Are things changing rapidly in your business? Silly question, isn’t it? Of course, they are changing. Rapid change is the distinguishing characteristic of our age. Take that rapid change and add to it growing competition, increasing complexity, consolidations at every level, and increasing demands from customers and you have the recipe for a business climate that will turn anyone’s hair gray.
This rapid change whirling around every company puts great pressure on organizations to change themselves. Not only must the organization as a whole change, but the individuals within each organization must themselves change, learn and grow more rapidly than at any time in the past. This ability for an organization and its people to change in response to the changing world around them may be the ultimate success skill for the Information Age.
A few years ago, it was good enough to allow learning and change to happen in a hit or miss fashion. Not so today. If your organization and your employees are going to change as rapidly as the environment, they are going to have to get serious, dedicated and systematic about those changes. That means you must organize and manage an effort to stimulate and support positive personal change. In other words, organizations, including yours, need to develop a new capability – the capability to change rapidly.
Every organization has a unique set of capabilities. While some of these capabilities are necessary for any successful business, others are unique to that individual concern. For example, every business must be capable of accounting for its money; every business must be capable of generating sales, and every business must be capable of providing the goods or services its customers want. Those are universal and basic capabilities. If your organization cannot do these, you won’t be in business very long.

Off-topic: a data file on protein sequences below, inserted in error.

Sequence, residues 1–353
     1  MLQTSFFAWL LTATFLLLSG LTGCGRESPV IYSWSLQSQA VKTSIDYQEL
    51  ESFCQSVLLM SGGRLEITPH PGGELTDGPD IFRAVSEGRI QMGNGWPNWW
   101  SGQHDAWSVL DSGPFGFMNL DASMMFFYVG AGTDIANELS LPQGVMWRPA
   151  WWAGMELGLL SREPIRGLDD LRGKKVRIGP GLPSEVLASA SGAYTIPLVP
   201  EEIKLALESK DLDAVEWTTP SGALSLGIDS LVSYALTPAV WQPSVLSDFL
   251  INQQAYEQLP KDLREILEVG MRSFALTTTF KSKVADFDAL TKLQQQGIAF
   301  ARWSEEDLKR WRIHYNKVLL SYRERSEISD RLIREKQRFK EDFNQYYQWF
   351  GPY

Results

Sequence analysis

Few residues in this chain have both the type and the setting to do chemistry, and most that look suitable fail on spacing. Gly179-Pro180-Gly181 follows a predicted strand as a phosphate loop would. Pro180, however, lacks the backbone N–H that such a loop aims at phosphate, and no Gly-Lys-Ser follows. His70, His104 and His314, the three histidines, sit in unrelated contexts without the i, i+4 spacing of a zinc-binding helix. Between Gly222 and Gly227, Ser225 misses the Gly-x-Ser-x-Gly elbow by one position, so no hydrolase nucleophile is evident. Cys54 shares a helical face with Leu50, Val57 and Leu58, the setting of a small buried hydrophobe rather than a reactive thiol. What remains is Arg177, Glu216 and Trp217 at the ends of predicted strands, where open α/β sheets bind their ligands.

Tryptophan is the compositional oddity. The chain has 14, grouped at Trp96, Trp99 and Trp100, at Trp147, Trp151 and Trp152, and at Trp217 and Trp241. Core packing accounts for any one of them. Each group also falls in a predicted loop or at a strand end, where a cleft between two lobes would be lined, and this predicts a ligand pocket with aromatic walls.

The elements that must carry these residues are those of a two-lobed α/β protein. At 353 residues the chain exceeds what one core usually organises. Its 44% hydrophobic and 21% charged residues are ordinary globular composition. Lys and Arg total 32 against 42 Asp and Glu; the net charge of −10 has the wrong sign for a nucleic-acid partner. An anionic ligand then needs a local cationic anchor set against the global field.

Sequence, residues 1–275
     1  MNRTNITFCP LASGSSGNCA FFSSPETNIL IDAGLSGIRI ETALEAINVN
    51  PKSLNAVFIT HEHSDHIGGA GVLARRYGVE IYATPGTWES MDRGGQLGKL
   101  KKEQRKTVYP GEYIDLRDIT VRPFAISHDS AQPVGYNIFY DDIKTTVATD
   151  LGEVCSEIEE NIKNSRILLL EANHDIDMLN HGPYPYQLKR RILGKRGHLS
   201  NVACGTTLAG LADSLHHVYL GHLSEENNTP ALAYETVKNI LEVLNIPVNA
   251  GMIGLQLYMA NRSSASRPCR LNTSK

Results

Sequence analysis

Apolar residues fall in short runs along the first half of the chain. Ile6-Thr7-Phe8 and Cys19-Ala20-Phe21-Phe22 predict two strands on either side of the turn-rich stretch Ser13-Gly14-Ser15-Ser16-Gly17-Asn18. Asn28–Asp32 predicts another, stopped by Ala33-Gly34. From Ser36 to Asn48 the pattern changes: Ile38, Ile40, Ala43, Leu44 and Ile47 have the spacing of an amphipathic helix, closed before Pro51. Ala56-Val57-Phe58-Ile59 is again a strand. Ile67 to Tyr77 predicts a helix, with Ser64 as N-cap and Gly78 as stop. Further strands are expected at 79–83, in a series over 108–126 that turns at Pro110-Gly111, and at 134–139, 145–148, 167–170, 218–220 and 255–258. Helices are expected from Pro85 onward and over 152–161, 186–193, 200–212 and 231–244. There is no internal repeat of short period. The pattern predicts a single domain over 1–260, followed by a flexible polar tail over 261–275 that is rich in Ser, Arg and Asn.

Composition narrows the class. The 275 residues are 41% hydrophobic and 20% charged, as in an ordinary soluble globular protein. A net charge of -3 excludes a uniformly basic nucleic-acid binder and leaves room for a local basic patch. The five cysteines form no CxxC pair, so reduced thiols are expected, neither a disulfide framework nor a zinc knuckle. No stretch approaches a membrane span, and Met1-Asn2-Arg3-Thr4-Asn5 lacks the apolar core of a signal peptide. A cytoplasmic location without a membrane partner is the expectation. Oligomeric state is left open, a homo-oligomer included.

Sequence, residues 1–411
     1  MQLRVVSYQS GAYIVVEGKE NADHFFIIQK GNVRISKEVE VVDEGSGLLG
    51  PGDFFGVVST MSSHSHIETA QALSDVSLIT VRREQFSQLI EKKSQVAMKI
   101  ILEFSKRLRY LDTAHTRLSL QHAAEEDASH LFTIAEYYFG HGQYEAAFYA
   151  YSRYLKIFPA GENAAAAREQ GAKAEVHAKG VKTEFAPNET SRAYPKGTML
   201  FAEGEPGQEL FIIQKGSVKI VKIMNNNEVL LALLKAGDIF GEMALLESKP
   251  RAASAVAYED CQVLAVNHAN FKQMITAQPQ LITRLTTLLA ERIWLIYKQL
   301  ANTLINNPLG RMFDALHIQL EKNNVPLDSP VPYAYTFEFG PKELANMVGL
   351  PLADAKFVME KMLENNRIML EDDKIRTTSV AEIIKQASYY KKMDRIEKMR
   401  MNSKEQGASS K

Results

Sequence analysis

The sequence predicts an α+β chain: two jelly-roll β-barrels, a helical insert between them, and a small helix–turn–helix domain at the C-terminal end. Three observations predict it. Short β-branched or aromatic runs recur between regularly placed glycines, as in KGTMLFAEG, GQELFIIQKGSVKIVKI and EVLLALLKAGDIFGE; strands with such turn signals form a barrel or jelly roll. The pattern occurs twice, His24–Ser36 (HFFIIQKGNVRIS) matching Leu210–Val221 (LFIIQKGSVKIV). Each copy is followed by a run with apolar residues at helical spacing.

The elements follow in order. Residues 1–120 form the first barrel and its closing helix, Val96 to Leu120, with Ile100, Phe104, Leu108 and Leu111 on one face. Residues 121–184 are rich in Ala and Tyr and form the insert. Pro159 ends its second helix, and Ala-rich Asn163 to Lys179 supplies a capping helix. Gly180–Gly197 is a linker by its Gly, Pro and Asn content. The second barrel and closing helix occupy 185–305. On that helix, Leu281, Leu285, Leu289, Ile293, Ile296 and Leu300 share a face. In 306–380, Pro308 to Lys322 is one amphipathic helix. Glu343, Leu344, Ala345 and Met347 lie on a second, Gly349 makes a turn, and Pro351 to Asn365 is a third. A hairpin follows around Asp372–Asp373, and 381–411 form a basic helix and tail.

However, the real strength of the business comes from those capabilities that are unique to it, that differentiate that business from its competitors. Some businesses have created great research and development capabilities, others are outstanding at customer service, while others emphasize quality throughout. Some are outstanding in sales, other marketing, still others in management.
One way to prepare your organization for the rapidly changing 21st Century is to develop a unique and new capability. That capability is what I call “active learning.” So what is active learning and why is it important? Let’s start with a definition: Active learning is the process of acquiring new information and/or gaining new insights and then changing behavior as a result. You’ve experienced it. It’s what happens when you go to a seminar or a conference, gain several new ideas, and then come back and implement them in your organization.
Active learning takes place at a number of different levels within an organization. But they are all dependent on an individual employee changing how he/she behaves. The employee who is adept at active learning regularly absorbs new information and acts in different ways as result. It’s the same process you engage in when you attend a seminar, except that it’s required of every one of your employees, not just you.
Here’s an everyday example. Let’s say you upgraded your software to the next round of upgrades. Now, every employee who works with that software must take in new information, (the changes in the software) and then change his/her behavior to correspond with the new information (they must use the software). This learning process requires that they do something differently than they did before.